Black Lives: The Role of Gospel, Jazz, Rock and Gangsta Rap in the Ghetto

Black Lives: Hope, Gospel or Gangsta Rap Same Message Different Vibes

RT (2019)

Film Review

For me, the third episode in the Black Lives series is the most interesting. In it, filmmakers explore the importance of Black music in reflecting the soul wrenching reality of modern day ghetto life. They interview gospel singers in a Black church (who tend to be over 45), as well as a saxophonist who plays rock music in Harlem clubs, a guitarist who busks in New York subways to pay his rent and gangsta rappers in Compton California.

They also feature a rap competition in which rappers compete for having the best lyrics and delivery. The poetry they produce has a finally honed brilliance.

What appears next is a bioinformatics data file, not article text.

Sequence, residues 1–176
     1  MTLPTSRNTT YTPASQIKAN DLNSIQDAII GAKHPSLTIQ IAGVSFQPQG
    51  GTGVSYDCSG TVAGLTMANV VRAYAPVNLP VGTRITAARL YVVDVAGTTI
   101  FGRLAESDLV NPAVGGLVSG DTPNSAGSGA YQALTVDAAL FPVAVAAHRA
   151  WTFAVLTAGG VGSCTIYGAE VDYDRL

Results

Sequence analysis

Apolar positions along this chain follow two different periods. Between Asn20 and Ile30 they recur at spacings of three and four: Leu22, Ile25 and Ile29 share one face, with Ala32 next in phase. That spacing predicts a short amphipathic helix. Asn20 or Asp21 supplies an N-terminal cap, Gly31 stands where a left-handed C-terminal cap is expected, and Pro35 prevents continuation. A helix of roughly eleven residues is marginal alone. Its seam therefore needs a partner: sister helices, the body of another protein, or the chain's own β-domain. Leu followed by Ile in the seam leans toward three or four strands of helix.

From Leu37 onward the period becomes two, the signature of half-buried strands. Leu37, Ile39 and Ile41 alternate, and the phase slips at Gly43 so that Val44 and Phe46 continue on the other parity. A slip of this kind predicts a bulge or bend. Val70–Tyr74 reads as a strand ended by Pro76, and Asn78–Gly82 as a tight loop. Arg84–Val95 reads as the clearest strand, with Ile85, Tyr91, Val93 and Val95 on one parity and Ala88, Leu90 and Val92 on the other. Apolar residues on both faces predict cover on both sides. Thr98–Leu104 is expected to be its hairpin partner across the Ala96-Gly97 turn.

The Compton rappers respond to growing criticism that mainstream society finds gangsta rap offensive. One points out that gangsta rap used to be known as “reality” rap. He acknowledges it might be hard to hear, “but this is our life.”

 

 

7 thoughts on “Black Lives: The Role of Gospel, Jazz, Rock and Gangsta Rap in the Ghetto

  1. a good video. too bad about the lying subtitle. as one youtube commenter put it.

    ‘”Same message?
    Social engineering into degeneracy is NOT the same message as the LORD.”

    Like

  2. Thanks for the share. I agree w/nomad. The Gospel is just that about the good news of the work of Christ on our behalf. It’s stands in a category all by itself. Same message w/different vibes? I beg 2 differ.

    Like

  3. Thanks for your comment, Linda. While RT often carries new stories many Americans can’t access in their mainstream media, the network has some interesting biases that make for headlines with questionable factual accuracy.

    Like

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